Skip header and navigation

4 records – page 1 of 1.

Construct validity of the Swedish version of the revised piper fatigue scale in an oncology sample--a Rasch analysis.

https://arctichealth.org/en/permalink/ahliterature104148
Source
Value Health. 2014 Jun;17(4):360-3
Publication Type
Article
Date
Jun-2014
Author
Asa Lundgren-Nilsson
Anna Dencker
Sofie Jakobsson
Charles Taft
Alan Tennant
Author Affiliation
Centre for Person-centred Care, Institute of Health and Care Sciences, Sahlgrenska Academy, University of Gothenburg, Gothenburg, Sweden; Department of Clinical Neuroscience and Rehabilitation, Institute of Neuroscience and Physiology, Sahlgrenska Academy, University of Gothenburg, Gothenburg, Sweden.
Source
Value Health. 2014 Jun;17(4):360-3
Date
Jun-2014
Language
English
Publication Type
Article
Keywords
Aged
Fatigue - physiopathology - psychology
Female
Humans
Male
Middle Aged
Neoplasms - physiopathology - psychology - radiotherapy
Psychometrics - methods
Questionnaires
Severity of Illness Index
Sweden
Abstract
Fatigue is a common and distressing symptom in cancer patients due to both the disease and its treatments. The concept of fatigue is multidimensional and includes both physical and mental components. The 22-item Revised Piper Fatigue Scale (RPFS) is a multidimensional instrument developed to assess cancer-related fatigue. This study reports on the construct validity of the Swedish version of the RPFS from the perspective of Rasch measurement.
The Swedish version of the RPFS was answered by 196 cancer patients fatigued after 4 to 5 weeks of curative radiation therapy. Data from the scale were fitted to the Rasch measurement model. This involved testing a series of assumptions, including the stochastic ordering of items, local response dependency, and unidimensionality. A series of fit statistics were computed, differential item functioning (DIF) was tested, and local response dependency was accommodated through testlets.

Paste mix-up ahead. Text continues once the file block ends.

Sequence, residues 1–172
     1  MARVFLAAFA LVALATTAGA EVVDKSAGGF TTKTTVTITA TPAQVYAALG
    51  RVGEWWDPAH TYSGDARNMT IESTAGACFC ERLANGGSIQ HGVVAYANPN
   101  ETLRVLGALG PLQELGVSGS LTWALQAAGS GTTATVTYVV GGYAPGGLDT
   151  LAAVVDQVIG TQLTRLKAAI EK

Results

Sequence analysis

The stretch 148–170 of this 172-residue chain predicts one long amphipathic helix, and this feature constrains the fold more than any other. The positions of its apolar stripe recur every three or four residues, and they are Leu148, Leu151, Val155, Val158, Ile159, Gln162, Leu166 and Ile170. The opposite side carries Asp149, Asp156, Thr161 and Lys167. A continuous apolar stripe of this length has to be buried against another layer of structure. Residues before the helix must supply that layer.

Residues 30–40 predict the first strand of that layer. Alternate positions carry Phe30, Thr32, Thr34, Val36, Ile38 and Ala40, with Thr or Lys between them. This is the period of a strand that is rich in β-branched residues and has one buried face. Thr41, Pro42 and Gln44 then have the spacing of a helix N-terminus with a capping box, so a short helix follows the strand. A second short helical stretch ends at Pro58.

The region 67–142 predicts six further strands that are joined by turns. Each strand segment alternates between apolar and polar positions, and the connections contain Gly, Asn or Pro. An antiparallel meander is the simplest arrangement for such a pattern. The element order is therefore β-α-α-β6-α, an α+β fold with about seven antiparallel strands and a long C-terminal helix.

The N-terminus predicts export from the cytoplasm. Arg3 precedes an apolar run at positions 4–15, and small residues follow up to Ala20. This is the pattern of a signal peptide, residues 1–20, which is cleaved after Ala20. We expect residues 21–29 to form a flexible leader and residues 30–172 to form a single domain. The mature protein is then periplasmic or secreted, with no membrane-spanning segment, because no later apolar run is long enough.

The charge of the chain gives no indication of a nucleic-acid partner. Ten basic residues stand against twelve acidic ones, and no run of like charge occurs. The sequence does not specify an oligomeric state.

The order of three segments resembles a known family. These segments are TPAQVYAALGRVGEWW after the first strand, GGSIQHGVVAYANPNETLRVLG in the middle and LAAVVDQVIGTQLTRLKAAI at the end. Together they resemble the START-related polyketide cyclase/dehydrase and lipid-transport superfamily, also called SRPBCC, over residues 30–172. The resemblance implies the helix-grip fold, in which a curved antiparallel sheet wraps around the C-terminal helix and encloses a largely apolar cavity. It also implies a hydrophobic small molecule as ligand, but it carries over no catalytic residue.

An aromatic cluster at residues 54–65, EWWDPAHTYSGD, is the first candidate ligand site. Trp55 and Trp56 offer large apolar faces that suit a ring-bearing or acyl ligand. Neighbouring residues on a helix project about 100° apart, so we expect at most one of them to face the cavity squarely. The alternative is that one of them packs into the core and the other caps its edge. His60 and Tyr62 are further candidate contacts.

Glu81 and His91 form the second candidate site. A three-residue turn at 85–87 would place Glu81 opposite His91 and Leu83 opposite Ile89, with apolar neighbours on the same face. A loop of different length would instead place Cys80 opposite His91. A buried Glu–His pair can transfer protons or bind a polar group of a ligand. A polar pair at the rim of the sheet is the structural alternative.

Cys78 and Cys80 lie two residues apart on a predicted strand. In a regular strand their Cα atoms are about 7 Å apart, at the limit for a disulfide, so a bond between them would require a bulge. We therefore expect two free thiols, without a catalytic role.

The Behavioral, Affective and Sensory domains all satisfied the Rasch model expectations. No DIF was observed, and all domains were found to be unidimensional. The Mood/Cognitive scale failed to fit the model, and substantial multidimensionality was found. Splitting the scale between Mood and Cognitive items resolved fit to the Rasch model, and new domains were unidimensional without DIF.
The current Rasch analyses add to the evidence of measurement properties of the scale and show that the RPFS has good psychometric properties and works well to measure fatigue. The original four-factor structure, however, was not supported.
PubMed ID
24968995 View in PubMed
Less detail

Identification of latent phase factors associated with active labor duration in low-risk nulliparous women with spontaneous contractions.

https://arctichealth.org/en/permalink/ahliterature96323
Source
Acta Obstet Gynecol Scand. 2010 Aug;89(8):1034-9
Publication Type
Article
Date
Aug-2010
Author
Anna Dencker
Marie Berg
Liselotte Bergqvist
Håkan Lilja
Author Affiliation
Department of Obstetrics and Gynecology, Perinatal Center, Sahlgrenska University Hospital, Gothenburg, Sweden. anna.dencker@vgregion.se
Source
Acta Obstet Gynecol Scand. 2010 Aug;89(8):1034-9
Date
Aug-2010
Language
English
Publication Type
Article
Abstract